The figure also shows that since March 2021, inflation has been running above 2 percent and has steadily increased, reaching a rate of 5.8 percent in December 2021. Note that a strict interpretation of AIT would mean that the Fed would have to balance these inflation rates far above 2 percent with future inflation rates well below 2 percent. As Ricardo Reis, an economist at the London School of Economics, noted recently: “If the [Fed’s time] horizon is 3 years, the Fed … will [have to] pursue monetary policy to achieve annual inflation of… −0.5% over the next year and a half. If the horizon is 5 years, the Fed … will [have to] pursue policy to achieve annual inflation of 0.9% over the next 3.5 years.” It seems unlikely that the Fed would want to bring about inflation rates that low because doing so would require raising its target for the federal funds rate to levels likely to cause a recession.

Another interpretation of the Fed’s monetary policy strategy is that involves a flexible average inflation target (FAIT) approach rather than a strictly AIT approach. Former Fed Vice Chair Richard Clarida discussed this interpretation of the Fed’s strategy in a speech in November 2020. He noted that the framework was asymmetric, meaning that inflation rates higher than 2 percent need not be offset with inflation rates lower than 2 percent: “The new framework is asymmetric. …[T]he  goal of monetary policy … is to return inflation to its 2 percent longer-run goal, but not to push inflation below 2 percent.” And: “Our framework aims … for inflation to average 2 percent over time, but it does not make a … commitment to achieve … inflation outcomes that average 2 percent under any and all circumstances ….”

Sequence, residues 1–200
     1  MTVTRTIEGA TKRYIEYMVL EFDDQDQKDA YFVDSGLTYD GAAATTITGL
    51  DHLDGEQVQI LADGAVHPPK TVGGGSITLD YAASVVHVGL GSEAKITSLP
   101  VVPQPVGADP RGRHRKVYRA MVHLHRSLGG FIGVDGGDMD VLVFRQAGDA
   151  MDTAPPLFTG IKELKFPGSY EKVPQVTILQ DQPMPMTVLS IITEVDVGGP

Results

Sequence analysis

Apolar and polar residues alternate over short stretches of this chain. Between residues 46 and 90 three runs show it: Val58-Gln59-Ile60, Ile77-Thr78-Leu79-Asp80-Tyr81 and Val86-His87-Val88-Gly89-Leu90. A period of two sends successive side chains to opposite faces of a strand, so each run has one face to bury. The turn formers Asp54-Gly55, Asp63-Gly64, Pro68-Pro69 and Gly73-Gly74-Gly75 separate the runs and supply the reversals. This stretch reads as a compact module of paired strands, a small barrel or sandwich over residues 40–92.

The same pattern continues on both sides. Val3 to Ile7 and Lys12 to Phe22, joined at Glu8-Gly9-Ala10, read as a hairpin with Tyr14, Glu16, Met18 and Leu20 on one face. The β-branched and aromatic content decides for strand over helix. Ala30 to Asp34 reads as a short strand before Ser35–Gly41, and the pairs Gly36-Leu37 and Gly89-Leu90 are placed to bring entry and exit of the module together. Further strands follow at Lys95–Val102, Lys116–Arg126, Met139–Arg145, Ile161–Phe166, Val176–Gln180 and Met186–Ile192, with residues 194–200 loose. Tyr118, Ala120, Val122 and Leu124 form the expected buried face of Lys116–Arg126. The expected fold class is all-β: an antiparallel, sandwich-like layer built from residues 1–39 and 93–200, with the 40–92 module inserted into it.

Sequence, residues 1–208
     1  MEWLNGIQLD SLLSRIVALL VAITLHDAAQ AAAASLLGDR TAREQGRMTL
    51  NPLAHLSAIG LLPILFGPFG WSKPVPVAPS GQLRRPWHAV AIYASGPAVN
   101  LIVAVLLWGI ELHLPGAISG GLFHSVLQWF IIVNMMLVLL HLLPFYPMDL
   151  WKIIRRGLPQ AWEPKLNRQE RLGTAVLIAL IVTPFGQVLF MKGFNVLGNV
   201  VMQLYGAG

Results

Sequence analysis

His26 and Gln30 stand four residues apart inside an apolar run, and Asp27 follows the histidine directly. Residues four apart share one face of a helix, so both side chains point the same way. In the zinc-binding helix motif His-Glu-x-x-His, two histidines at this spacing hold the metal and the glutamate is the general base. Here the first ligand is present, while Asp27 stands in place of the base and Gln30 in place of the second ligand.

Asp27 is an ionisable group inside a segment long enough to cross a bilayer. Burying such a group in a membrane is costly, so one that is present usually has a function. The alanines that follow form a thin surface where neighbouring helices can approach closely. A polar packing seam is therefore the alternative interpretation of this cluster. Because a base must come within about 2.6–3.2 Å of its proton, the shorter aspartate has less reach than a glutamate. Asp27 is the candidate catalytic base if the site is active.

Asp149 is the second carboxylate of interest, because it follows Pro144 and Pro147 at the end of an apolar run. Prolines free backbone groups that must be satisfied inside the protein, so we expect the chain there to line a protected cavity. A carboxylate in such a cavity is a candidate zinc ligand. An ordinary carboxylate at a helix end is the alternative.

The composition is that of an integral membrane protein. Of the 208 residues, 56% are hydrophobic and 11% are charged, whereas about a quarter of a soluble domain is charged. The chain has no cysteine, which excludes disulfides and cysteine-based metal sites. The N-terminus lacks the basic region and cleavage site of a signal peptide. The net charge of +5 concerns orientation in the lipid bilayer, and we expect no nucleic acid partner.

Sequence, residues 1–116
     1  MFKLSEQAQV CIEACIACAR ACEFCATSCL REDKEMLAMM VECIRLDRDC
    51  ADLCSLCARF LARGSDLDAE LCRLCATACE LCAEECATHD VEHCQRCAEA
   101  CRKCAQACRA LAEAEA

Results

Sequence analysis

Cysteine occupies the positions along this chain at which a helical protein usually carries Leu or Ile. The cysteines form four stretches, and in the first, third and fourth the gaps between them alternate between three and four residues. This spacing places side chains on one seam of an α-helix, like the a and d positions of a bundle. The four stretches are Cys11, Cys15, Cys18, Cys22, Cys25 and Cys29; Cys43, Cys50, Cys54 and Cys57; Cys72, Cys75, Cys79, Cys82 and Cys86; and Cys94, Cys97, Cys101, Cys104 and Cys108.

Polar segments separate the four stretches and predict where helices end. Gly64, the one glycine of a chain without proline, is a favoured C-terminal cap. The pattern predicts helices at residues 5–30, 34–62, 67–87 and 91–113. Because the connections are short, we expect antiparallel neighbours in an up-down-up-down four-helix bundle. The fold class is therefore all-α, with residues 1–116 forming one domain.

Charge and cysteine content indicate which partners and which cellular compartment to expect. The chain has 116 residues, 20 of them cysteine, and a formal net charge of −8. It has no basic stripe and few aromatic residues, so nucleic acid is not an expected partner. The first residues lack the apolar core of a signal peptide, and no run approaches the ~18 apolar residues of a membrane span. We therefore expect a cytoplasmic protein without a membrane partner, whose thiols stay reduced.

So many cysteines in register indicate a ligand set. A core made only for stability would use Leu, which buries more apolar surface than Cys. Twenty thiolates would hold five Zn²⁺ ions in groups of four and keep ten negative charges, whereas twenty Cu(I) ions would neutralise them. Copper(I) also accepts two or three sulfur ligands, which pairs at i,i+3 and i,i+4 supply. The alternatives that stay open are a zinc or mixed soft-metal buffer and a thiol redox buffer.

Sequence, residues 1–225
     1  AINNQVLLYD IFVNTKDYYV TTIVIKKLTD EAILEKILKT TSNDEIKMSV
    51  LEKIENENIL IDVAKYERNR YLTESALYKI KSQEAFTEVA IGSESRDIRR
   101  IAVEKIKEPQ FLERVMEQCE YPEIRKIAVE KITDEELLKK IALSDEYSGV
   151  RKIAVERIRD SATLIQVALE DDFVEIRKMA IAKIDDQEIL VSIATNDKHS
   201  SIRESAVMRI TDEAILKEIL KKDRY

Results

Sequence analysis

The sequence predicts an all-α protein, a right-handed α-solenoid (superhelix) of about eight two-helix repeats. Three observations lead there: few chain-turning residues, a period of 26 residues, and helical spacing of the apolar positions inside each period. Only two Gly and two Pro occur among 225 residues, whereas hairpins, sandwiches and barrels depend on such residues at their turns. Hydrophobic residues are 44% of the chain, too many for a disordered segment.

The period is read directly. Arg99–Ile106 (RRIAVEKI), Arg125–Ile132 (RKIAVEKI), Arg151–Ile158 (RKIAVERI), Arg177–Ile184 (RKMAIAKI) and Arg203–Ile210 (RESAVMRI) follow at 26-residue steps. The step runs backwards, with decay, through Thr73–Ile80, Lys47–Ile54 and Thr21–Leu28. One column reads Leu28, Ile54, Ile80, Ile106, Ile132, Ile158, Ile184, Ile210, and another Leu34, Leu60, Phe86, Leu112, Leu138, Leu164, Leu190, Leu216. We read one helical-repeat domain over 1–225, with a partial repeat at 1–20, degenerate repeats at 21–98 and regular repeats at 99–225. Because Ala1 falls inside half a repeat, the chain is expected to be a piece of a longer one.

Under this interpretation, particularly if Fed policymakers believe that the high inflation rates of 2021 were the result of temporary supply chain problems and other factors caused by the pandemic, it would not need to offset them by forcing inflation to very low levels in order to make the average inflation rate over time equal 2 percent. Critics of the FAIT approach to monetary policy note that the approach doesn’t provide investors, household, and firms with much guidance on what inflation rates the Fed may find acceptable over the short-term of a year or so. In that sense, the Fed is moving away from a rules-based policy, such as the Taylor rule that we discuss in Chapter 15. Or, as a columnist for the Wall Street Journal wrote with respect to FAIT: “Of course, the word ‘flexible’ is there because the Fed doesn’t want to be tied down, so it can do anything.”

The Fed’s actions during 2022 will likely provide a better understanding of how it intends to implement its new monetary policy strategy during conditions of high inflation. 

Sources: Board of Governors of the Federal Reserve, “Why does the Federal Reserve aim for inflation of 2 percent over the longer run?” federalreserve.gov, August 27, 2020; Board of Governors of the Federal Reserve, “2020 Statement on Longer-Run Goals and Monetary Policy Strategy,” federalreserve.gov, January 14, 2021; Ricardo Reis’s comments are from this Twitter thread: https://mobile.twitter.com/R2Rsquared/status/1488552608981827590, Richard H. Clarida, “The Federal Reserve’s New Framework: Context and Consequences,” federalreserve.gov, November 16, 2020; and James Mackintosh, “On Inflation Surge, the Fed Is Running Out of Excuses,” Wall Street Journal, November 14, 2021.